I salvaged this coffee cup from a mountain of belongings left on the curb across the street after the family who abandoned the house two years ago came back to empty their overstuffed garage.
Neighbors and strangers alike later culled through the piles, unearthing DVDs, furniture, a laptop, entire bags of clothing (some with tags still on them), boxes of dishes, half a case of beer with a long-past expiration date, overdue library books (one conscientious kid said he’d return them), and so much more that the garbage truck people scheduled a personal return trip with an empty truck.
At first I wasn’t going to touch a thing, especially after roaches scattered when I picked up a box. But this cup caught my eye. I like anything with words on it, and the red cup with the lowercase lettering in a simple font said love.
But wait. Maybe I didn’t want the cup. Sure, the cup says love, a nice enough word, but the family who owned it didn’t know its meaning. Every time I would sip my coffee, I’d probably think of that family and the thoughts weren’t good.
The family was a living object lesson for the word dysfunction. Us neighbors had witnessed police cars, crying, raging, out-of-control teenagers, and the street-side gossip about the strange people in that house.
This was no ordinary family. At the risk of sounding politically incorrect, let me just state the facts. The head of the household was a middle-aged African American lesbian woman, a physician at a local hospital. The spouse was a white woman, a professional with a master’s degree who taught psychology at the community college. The two children were adopted as infants and were now teenage girls. Police were called on several occasions because of domestic violence and teenage misbehaviors. The family abandoned the house when one spouse couldn’t take the abuse any longer; either that or she was kicked out, I’m not sure. I hadn’t seen them for a few years until the garage cleaning day.
After they left, the free-for-all salvaging began and now I own this cup.
I decided to keep it, but before I could drink out of it, I made up my mind that something needed to be done about my word association with the family. It’s the love cup, after all, not the crazy cup or the trash cup or the guilty cup
Did I mention guilty? That was my part, and it came from this question: why didn’t I share the love of Christ with them while they were still here? Was there something I could have done to help that family? Ours isn’t the most sociable of streets, and to my discredit, there’s only a handful of neighbors who I regularly speak to. The D.F. (dysfunctional family) wasn’t one of them, although if we were both outside at the same time, I’d say hello and share pleasantries with whoever happened to be getting the mail.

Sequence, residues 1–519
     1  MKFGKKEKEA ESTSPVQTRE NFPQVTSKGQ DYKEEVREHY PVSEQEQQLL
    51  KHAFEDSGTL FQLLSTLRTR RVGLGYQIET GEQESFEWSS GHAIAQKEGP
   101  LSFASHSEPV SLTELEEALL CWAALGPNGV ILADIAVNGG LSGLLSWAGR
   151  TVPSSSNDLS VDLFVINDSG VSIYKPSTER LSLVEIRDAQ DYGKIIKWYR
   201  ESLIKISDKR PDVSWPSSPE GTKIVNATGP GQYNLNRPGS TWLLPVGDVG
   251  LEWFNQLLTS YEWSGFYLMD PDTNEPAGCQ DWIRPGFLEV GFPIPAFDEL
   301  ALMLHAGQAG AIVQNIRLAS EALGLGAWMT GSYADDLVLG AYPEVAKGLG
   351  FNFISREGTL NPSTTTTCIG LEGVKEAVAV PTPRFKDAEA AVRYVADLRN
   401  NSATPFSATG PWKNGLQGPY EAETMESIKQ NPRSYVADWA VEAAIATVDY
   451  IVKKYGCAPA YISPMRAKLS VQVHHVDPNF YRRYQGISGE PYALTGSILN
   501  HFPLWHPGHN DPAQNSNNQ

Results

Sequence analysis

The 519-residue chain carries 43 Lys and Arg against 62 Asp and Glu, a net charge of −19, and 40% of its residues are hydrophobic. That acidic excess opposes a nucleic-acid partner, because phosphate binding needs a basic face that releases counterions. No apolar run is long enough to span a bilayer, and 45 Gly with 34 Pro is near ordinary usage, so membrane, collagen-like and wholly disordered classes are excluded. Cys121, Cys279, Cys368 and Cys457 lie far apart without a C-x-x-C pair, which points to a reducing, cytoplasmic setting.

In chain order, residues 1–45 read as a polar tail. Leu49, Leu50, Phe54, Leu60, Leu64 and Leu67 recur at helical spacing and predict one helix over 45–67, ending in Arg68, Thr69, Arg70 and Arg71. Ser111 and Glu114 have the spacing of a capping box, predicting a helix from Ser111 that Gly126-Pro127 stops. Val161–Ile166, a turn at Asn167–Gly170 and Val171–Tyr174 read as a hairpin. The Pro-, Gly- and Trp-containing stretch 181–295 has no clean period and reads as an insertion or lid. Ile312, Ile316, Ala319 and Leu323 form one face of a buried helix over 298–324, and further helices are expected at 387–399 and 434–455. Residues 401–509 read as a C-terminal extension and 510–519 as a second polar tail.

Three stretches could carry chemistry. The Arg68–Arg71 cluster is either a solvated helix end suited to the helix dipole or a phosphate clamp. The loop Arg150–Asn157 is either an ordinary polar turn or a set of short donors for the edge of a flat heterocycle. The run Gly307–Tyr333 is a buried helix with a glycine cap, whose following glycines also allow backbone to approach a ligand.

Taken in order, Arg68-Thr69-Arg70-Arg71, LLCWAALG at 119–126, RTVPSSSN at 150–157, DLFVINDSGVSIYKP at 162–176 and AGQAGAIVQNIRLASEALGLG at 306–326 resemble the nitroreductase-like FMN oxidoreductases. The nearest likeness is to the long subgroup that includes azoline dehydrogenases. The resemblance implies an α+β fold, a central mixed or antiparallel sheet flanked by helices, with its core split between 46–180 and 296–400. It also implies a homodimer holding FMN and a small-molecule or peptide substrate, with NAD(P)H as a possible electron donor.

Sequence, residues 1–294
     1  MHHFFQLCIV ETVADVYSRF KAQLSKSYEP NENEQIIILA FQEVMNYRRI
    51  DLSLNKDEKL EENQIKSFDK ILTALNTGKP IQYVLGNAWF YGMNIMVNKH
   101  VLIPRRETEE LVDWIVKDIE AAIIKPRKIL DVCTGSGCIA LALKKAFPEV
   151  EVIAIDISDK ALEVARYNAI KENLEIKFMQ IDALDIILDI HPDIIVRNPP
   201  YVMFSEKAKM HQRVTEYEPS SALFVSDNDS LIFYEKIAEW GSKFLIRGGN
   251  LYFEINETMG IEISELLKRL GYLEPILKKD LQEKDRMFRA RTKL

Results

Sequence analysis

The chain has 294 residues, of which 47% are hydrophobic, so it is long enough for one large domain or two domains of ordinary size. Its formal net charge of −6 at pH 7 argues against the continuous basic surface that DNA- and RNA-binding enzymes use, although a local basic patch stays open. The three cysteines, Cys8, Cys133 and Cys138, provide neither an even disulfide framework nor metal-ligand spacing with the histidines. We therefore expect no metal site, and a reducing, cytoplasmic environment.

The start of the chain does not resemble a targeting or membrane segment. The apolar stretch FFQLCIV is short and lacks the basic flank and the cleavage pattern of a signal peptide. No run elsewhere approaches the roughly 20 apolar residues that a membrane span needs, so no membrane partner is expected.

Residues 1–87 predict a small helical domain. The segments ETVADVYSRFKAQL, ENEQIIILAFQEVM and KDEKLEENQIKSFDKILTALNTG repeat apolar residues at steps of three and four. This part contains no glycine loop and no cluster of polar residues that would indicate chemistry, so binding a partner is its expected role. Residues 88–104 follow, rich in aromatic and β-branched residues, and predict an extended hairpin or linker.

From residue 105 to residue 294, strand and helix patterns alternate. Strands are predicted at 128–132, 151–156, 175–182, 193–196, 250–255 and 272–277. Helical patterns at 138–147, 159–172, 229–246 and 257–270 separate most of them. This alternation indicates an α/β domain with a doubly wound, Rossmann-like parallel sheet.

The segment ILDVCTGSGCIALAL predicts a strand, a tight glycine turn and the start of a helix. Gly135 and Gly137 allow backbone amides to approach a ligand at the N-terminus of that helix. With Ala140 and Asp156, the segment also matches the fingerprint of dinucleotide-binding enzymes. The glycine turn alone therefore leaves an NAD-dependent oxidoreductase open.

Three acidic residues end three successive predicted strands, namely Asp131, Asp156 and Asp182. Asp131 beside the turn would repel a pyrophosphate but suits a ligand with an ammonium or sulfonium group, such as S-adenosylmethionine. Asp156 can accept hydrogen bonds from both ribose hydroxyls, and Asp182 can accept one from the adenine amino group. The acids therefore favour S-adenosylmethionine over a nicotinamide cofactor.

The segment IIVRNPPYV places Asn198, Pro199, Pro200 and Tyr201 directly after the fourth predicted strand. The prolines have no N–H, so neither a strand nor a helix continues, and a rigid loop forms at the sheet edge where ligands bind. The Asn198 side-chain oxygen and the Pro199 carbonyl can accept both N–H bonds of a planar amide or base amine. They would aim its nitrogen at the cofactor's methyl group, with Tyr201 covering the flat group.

But I never invited them into my home, never invited them to church, and never shared anything deep. Like the love of Christ, for example.
The overwhelming, far-reaching, dirt-washing, guilt-cleansing, overcoming, tear-wiping, powerful love of Christ.
The same love that snatched me from the pit of drugs and partying and all of that emptiness back in the 80s.
The same love that reconciled my family after divorce threatened to split us apart.
The same love that sustains me on the path to eternity when I feel like giving up.
Meanwhile, I really liked the cup. But I really disliked its roots.
I live with my own dysfunctional people, and as school let out for the summer, I had made a personal decision about something unrelated to the cup. This summer was going to be different. My teenage daughter and I have this mother-daughter-tension thing going on, and we can rub up against each other like a wet cat and a pit bull, and I’m not saying who’s the cat and who’s the dog, but neither is flattering. Having her home for the summer while I work from a home office means much less productivity and much more potential for the clash of claws and paws. That’s why I had made that personal decision; declaring my own theme for this summer.
And that’s when I accepted my new cup with gusto. I have assigned it a new meaning, and it’s the first cup I grab if it makes it out of the dishwasher in time for the morning ritual. Every time I see it, use it, wash it, and put it away, I think of that family, then of my teenager, then of my summer theme decision, and that’s when I recommit to living a life of unconditional love.